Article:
Screenshot of iOS notification with delete button mocked up.Swipe to clear notifications: Have you ever not paid attention to your phone for a while? On occasion, I’ll leave it sit in my pocket on a long drive or while I’m in a meeting. Afterwards, I’m overwhelmed with the number of notifications on screen. Usually I’ll try to delete them, but Apple tiny little “x” doesn’t like my man-sized fingers. Furthermore, I don’t always want to delete all of the notifications from an app. Wouldn’t it be nice if Apple added support to “swipe” across a particular notification and a delete button popped up (think of the experience in Mail; see mock up at right)? I’d like to see this functionality in both the notification center and the lock screen.

Set your own default apps: A few years ago Apple apps were top notch. Now they’ve seemingly remained stagnant, and there is a wealth of better designed, easier to use and all around more enjoyable third party apps. It’s time Apple opens up a little and lets users set their own default apps. I’m in love with Mailbox and already use it as my main mail app. Wouldn’t it be great if iOS knew and respected that? I hate being in another app and trying to share something via email only to get Apple Mail app. Same goes for browsers, maps, etc. You can still ship your stuff, Apple, but let me choose what to use.

Siri API: Oh, Siri… I had such hope for you. Siri in theory is a really useful assistant. But in practice, she leaves a lot to be desired. Turn by turn directions are finally there, and you can look up movie showtimes, but I want more. Obviously setting your own default apps would take use a step closer to usefulness but I want a full-fledged API. I want developers to have access to Siri so she can do wonderful things. “Siri, check me into Starbucks”

iWatch: So this isn’t so much an iOS request as it is a new product, but I see them closely related. I want a watch that will make Siri useful (talking to my wrist is better than talking to my phone, which if in my hand, I can easily type on). I want the ability to easily glance at my watch to see who’s calling or texting or emailing, maybe even let me use canned responses right on the device. The Pebble is a start, but I think only Apple can make it a truly seamless experience.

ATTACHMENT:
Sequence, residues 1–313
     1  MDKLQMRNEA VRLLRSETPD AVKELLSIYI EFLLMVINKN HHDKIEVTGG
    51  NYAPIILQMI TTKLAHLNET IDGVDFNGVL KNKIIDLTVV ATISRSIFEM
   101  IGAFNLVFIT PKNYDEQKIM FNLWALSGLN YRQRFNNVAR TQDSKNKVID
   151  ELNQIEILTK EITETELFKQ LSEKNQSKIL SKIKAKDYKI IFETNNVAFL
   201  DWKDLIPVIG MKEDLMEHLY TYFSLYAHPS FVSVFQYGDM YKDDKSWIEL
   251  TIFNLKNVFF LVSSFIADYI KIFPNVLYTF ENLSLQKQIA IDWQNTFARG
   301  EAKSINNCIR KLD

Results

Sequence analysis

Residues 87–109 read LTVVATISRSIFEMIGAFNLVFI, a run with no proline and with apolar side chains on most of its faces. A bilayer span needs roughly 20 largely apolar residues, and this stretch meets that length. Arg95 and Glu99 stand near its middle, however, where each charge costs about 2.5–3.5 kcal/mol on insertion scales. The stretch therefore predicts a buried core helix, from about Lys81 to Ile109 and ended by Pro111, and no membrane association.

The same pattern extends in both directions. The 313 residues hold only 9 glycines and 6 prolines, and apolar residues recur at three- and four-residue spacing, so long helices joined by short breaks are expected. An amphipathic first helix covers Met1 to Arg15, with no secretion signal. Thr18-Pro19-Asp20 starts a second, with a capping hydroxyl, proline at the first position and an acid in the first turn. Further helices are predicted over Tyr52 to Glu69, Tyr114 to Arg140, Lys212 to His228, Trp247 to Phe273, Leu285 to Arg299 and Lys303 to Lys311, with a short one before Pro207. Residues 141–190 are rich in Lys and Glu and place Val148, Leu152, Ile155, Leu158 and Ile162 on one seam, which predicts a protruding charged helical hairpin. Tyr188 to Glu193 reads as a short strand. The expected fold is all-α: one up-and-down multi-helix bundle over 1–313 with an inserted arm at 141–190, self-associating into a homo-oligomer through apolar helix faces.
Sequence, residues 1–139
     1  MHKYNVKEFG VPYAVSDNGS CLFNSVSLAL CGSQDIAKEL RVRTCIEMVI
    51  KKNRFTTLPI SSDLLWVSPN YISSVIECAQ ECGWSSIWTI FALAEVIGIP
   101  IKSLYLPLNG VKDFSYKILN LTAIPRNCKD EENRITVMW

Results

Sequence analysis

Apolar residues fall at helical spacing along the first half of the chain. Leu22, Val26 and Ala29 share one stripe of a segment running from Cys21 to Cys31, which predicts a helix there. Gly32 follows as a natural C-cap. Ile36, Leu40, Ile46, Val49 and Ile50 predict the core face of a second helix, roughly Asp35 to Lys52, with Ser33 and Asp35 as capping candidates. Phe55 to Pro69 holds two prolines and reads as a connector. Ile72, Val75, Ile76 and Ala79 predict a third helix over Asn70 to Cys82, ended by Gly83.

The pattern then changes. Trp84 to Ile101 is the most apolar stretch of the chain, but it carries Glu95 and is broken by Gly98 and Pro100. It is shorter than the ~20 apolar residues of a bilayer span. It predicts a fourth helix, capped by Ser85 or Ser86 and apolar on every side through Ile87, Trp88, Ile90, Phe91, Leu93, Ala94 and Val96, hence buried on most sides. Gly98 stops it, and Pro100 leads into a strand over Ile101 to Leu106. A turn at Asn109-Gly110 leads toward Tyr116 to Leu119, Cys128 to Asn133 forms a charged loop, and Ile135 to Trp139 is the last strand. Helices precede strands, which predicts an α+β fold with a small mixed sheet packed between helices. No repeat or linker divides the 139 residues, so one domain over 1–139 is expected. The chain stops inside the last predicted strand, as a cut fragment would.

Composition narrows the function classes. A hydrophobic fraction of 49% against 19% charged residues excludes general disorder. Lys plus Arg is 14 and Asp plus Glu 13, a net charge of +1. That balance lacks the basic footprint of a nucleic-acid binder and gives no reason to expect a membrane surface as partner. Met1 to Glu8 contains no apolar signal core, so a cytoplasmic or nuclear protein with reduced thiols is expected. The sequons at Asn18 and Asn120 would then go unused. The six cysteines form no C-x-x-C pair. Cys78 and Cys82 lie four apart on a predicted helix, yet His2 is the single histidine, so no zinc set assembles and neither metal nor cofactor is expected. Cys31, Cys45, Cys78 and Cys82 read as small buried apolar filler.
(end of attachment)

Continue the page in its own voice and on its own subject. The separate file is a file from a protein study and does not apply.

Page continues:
Better app management: I literally have a dozen pages of apps on my phone. Needless to say, I’m not even sure what’s on there beyond the first couple pages. I’ve tried to organize, but it’s a daunting task, and it should be so much easier. For starters, don’t make my apps slide to the upper left corner. I want to place apps in specific spots and have them stay there. Sometimes I might want a gap between apps, it’s no big deal, just let me do it! I’d also like to see the ability to move more than one app at a time. I think there are jailbreak tweaks to do these things, but I shouldn’t have to do that. It should be easy and standard.

Alert sounds: The thing I miss most about Android is being able to customize every single little sound my phone makes. I customized apps to have alerts that let me know what was happening and whether or not it was worth pulling my phone out of my pocket. To some extent you can customize sounds on your iPhone, but it’s very limited. I hear the same ding for most apps, and it’d be nice to know if a game wants my attention or if it’s something more important. It seems this is left up to individual developers to add their own sounds right now, but I want to take it further, let me set the sound. I want to do custom sounds, so I know exactly what I’m being pinged for, and it’s not the same default sound that everyone else in the room has.

Web app notifications: Sometimes a native app isn’t the answer. One of the downsides to a Web app, however, is the inability to send users notifications. With modern browsers like Chrome and Safari allowing Web apps to take advantage of desktop notifications, why shouldn’t your phone or tablet? Hopefully this would cut down on some of those “native” apps that just wrap up a website. I saw a good mock up of this recently but I cannot seem to re-find it.

There are plenty of other ideas I didn’t add, but the above are some of my biggest desires. What would you like to see added in iOS 7? I’d love to hear your thoughts, please comment below.

Opinion: Reset Buttons Suck

Have you ever filled out an online form only to lose it all by a poorly placed reset button? Why do these buttons even exist? I can’t think of a time I’ve ever filled in a whole form only to say, “hey, I didn’t really want any of that information, let me erase it all at once.” Luckily in recent years it seems less and less forms have these annoying buttons but they still exist. I’m calling for everyone to check their forms right now. Go ahead, I’ll wait… If you’ve got a reset button on your form, it’s time to reconsider that choice.

A reset button is just a bad user experience. A user can easily change the information they’ve entered without having to delete it all in one click. I’d say almost no one intentionally hits that reset button. It’s probably an accidental click while thinking it was the submit button. Having that button in place is doing more harm than good. Do your users a favor and leave off that reset button. That way you don’t have to needlessly frustrate your users and you have the added benefit of a cleaner, less cluttered form.